The Basement Files

Bedfellows and bread


Happy adjournment sine die everyone.

As many of you already know, this is my favorite time of year. The snow is gone, and so is the legislature. This means Republicans and Democrats are on vacation and for the next couple of months they can’t ruin anything else. So, if a vacation is good for legislators, it’s got to be good for me. So I’ve loaded up on cigars, iced tea and bug spray and I am off to relaxation-ville. See you in a few. But until then, enjoy this new short story, with a not-so-brand-new friend…

Betrayal, Bedfellows, and Bread.

It’s raining again. It seems to be doing that a lot recently. The constant patter of water on the window, and the distant, rolling rumbles of thunder would be relaxing to me, but trouble always finds me in dreary weather turns. And today would be no different. It’s a good thing I’m prepared.

A knock on the door is followed by a slow creak.
“Excuse me, I’m looking for help.”

I motion to come in as I pick up my pipe. She was a tall, slender gal, wearing a hat with a brim three sizes too big, and a red dress with a skirt three sizes too small. I’ve always been a sucker for a pretty face. Fortunately for me however, she seems to have been hit by the ugly stick a few extra times over the years. I still smell trouble though, among other things.

I strike a match. While I would normally savor the strong scent of phosphorus before gently lighting up my carefully packed pipe of sweet Cavendish, I instead hastily lit the pipe, as the overpowering odor of coconut perfume wafted in before she entered the office. I’m not a fan of coconut. Years later I would come to terms with why, and why I could never trust a woman wearing red.

“What can I help you with, ma’am.” I said. It was the wrong thing.

“Ma’am? Do I look like your mother?” No, she wasn’t as hideous.

“I’m sorry, it was a force of habit. You asked for help. What I can for you?”

“It’s my husband. He’s missing, and I think he’s cheating on me.”

I could have guessed that from the moment she sat down. Well, the cheating part at least.

“Missing?” This part had me intrigued.

“For two days. I don’t know where he went, but I have my suspicions. And this.”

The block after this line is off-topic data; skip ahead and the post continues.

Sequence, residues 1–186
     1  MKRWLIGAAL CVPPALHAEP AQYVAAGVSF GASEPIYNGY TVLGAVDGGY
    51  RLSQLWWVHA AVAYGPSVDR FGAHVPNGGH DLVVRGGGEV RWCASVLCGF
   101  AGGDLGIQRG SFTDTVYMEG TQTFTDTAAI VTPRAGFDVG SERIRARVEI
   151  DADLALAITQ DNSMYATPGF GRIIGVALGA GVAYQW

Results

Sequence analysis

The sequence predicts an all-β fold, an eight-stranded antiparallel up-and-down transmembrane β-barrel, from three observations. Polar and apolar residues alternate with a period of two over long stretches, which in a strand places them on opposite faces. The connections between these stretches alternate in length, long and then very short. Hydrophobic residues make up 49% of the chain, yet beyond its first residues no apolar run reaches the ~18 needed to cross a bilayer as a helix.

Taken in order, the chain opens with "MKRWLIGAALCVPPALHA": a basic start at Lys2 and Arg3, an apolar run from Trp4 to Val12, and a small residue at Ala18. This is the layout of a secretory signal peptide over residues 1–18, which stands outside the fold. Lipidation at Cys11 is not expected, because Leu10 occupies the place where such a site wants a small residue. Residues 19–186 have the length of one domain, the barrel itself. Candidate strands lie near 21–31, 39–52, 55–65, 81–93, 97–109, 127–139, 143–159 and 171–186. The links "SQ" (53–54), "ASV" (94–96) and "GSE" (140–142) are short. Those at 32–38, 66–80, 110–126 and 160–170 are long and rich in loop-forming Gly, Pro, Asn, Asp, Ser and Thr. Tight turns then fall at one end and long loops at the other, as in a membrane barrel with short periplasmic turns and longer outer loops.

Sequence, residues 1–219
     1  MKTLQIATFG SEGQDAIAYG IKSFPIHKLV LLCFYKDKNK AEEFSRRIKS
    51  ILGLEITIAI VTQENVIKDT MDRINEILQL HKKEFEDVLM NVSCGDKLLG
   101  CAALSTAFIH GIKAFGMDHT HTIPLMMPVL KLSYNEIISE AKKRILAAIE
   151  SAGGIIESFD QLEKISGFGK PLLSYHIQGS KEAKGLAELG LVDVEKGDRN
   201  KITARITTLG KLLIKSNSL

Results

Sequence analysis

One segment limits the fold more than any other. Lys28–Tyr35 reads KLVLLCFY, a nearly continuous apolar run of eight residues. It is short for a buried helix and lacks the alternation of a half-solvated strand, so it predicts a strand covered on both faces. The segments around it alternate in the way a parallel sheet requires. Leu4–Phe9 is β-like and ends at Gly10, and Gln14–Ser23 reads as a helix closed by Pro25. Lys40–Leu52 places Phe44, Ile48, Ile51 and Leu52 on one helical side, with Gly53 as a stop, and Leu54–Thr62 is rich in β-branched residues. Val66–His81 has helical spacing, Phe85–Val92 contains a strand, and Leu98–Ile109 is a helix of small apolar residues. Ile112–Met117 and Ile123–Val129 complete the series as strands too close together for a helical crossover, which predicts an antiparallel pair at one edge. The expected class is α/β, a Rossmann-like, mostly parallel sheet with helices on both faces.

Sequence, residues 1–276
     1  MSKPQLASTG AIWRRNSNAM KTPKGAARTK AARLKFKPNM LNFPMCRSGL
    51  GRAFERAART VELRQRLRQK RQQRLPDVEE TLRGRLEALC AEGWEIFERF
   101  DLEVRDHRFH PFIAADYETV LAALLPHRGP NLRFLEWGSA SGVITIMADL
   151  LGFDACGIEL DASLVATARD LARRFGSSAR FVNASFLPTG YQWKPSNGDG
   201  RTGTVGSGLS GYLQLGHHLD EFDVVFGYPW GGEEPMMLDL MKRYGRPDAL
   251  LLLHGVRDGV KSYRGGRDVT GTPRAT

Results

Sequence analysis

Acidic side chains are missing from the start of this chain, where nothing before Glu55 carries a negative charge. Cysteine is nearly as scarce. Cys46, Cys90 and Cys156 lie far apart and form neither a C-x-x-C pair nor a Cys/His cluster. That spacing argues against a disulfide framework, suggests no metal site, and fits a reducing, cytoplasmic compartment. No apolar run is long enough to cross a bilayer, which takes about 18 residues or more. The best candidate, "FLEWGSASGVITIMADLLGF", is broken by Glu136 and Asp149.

She reached into her oversized purse and pulled out a brochure. She handed the glossy pamphlet over. Hawaii. It looked nice. Blue sky, green trees and a few too many coconuts for my taste. But it sure beat the gray, drab weather we seemed to be cursed with here.

“I want to know if this is where he went, and why.”

Domestic disputes are not my forte.

“I can pay well for any information.”

But I’m willing to take on a few here and there.

“I’ll see what I can find.” I said, “Do you two share a bank account?”

“Yes, but he didn’t use that money,” she answered.

I figured as much. If he was cheating, why would he be stupid enough to leave any trace of it on his bank account.

“He used his business account, which I don’t have any access too,” she said.
Or not.

“What does he do?” I asked.

“He’s a baker, he runs the Bread Barn down on First Street.”

“I’ll see what I can find out,” I answered, handing her a card. “Call me if you find out any more yourself.”

“Try to make it fast, I want to have everything ready for him when he gets back.”

She left, which was good, because I don’t take to being rushed, even though I had a day, at most, to try and find out anything I could about this trip. Time might not be on my side, but skill is. If there is anyone out there that can solve this case on such short notice it’s me, or my name isn’t Frank.

Chris Hamble is a freelance writer and humor columnist serving newspapers in Minnesota and Wisconsin, and is a lifelong Stillwater resident.